7. The Exception to Section 8(3) is found in Section 20 to 23 of the Act as expressly mentioned in the sub-section, Section 20 deals with cases in which the moveable property of a debtor has been sold on or after 14.7.78 in execution of a decree obtained by the creditor and provides for an application by the judgment debtor for refund of any sum received by the decree holder in excess of the amount to which he would have been entitled under the provisions of the Act. Section 21 provides for setting aside sales of immovable property of the debtor held on or after 14.7.78 in execution of a decree obtained by the creditor, Section 22 is only a consequential provision on setting aside of sale under Section 21. Section 23 enables the Court to enforce the provisions of the Act if it is satisfied that the claim made before it is in evasion of the provisions of the Act. The provisions in Sections 20 to 23 of the Act were necessitated because the Legislature wanted to give restrospective effect to the Act. The Act was passed in June, 1979 but deemed to have come into force on 14.7.78. A reading of Sections 8 and 20 to 23 makes it clear that while the legislature thought it fit to provide for the refund of excess payment made by enforcement of decrees and for reopening of discharge brought about by Court auction sales, it did not want to disturb the discharge of a debt by voluntary payment outside Court. On the other hand Section 8(3) expressly permits the creditor to retain such excess payments obviously for the reason that they are voluntary. Though Section 8(3) refers to Clauses (1) and (2) of the section, the question of excess payment can arise only when the debtor has paid more than one and half times the principal amount. If the debtor has paid less than one and a half times the principal, he is liable to pay so much of the amount as would be sufficient to make the total payment one and half times the principal. In such cases there is no possibility of considering the payment as in excess of what is due to the creditor under the provisions of the Act. It follows that the question of excess repayment of refund thereof can arise only in cases falling under Section 8(1) whereby the debts stand discharged on payment of one and half times the principal amount or more. Thus Section 8(3) enables the creditor to regain the amount received by him and prohibits the debtor from claiming a refund of the amount paid by him in excess of the amount; which would be due if the provisions of the Act had been invoked and the debt had been scaled down.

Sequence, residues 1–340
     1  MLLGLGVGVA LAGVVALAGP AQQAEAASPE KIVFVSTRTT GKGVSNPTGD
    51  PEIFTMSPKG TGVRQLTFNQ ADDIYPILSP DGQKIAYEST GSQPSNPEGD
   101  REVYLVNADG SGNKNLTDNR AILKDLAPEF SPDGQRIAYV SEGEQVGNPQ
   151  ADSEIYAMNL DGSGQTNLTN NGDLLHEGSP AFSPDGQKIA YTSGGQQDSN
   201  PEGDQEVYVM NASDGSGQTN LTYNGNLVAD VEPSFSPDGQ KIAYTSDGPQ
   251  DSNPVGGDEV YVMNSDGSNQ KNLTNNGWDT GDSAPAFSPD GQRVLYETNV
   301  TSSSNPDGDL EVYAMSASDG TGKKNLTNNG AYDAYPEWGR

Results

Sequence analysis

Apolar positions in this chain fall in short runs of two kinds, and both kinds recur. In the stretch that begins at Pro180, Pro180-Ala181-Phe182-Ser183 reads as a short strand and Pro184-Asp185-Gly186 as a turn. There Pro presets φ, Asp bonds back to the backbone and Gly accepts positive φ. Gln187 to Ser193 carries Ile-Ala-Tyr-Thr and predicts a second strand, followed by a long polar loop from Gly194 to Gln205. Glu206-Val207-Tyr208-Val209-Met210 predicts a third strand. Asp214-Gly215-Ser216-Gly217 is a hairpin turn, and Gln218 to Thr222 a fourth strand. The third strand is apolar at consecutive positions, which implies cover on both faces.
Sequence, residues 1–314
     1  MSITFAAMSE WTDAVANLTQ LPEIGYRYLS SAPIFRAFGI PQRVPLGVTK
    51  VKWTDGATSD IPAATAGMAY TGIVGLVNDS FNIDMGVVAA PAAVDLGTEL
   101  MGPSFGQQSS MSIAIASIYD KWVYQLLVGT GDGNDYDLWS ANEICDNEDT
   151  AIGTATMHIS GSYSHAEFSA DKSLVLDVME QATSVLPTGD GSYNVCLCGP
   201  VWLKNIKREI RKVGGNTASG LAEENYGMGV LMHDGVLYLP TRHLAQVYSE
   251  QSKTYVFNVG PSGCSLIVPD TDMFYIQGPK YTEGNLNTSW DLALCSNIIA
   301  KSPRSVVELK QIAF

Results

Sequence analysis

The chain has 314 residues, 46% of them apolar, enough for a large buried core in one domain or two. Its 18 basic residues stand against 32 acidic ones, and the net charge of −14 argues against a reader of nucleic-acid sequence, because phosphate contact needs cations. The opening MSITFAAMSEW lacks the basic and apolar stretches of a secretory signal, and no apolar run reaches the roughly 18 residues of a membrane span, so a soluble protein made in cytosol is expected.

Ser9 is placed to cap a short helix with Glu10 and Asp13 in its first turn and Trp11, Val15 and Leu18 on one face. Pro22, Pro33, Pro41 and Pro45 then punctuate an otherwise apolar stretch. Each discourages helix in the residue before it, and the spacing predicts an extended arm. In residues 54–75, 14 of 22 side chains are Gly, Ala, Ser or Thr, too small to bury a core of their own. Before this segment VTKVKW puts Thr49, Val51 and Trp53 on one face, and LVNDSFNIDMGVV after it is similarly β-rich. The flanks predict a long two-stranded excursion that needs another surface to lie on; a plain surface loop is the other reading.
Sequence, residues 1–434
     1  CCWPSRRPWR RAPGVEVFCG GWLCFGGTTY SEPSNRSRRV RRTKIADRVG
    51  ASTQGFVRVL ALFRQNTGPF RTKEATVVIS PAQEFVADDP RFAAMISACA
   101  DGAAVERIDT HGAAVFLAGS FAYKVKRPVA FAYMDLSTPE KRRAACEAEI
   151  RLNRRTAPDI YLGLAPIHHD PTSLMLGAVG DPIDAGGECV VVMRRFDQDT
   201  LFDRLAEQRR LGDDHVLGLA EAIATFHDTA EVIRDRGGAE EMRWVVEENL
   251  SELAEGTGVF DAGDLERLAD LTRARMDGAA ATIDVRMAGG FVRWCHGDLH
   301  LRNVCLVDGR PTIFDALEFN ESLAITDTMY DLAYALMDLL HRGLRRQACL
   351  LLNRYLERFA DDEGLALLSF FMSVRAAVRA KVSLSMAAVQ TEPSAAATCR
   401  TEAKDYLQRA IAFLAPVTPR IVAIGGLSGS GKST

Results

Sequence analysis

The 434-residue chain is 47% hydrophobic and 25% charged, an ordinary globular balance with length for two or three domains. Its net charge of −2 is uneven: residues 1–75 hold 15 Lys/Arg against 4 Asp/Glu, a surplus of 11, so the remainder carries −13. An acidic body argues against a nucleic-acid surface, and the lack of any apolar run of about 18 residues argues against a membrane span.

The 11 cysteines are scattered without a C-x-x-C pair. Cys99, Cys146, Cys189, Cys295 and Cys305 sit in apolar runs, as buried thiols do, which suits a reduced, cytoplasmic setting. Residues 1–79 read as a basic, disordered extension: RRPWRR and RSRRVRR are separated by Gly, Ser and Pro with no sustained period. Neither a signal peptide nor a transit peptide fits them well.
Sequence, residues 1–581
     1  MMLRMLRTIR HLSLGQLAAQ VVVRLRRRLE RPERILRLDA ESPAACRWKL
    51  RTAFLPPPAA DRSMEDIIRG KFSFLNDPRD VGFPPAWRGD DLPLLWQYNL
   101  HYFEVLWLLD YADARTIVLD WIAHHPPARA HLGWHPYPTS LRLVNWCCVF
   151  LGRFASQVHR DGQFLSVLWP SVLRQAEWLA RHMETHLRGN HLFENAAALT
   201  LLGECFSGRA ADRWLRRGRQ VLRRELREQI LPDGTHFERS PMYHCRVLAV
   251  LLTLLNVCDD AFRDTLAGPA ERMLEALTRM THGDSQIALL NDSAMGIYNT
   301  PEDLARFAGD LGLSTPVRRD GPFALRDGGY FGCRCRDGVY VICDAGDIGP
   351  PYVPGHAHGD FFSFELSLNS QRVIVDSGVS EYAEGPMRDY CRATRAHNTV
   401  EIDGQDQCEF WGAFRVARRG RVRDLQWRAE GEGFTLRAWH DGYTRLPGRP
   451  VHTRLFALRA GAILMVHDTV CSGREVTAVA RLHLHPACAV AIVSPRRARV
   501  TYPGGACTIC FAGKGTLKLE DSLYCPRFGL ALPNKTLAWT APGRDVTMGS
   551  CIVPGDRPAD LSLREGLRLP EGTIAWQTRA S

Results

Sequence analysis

8. Learned Counsel for the appellant contends that Section 8(3) cannot be invoked by the respondent who is a usufrucutary mortgagee. He relies on the provisions of Section 10 of the Act which read thus:
Nothing contained in Section 8 shall affect:
(i) any mortgage of the description referred to in Sub-section (1) of Section 9, except to the extent provided for in that section; or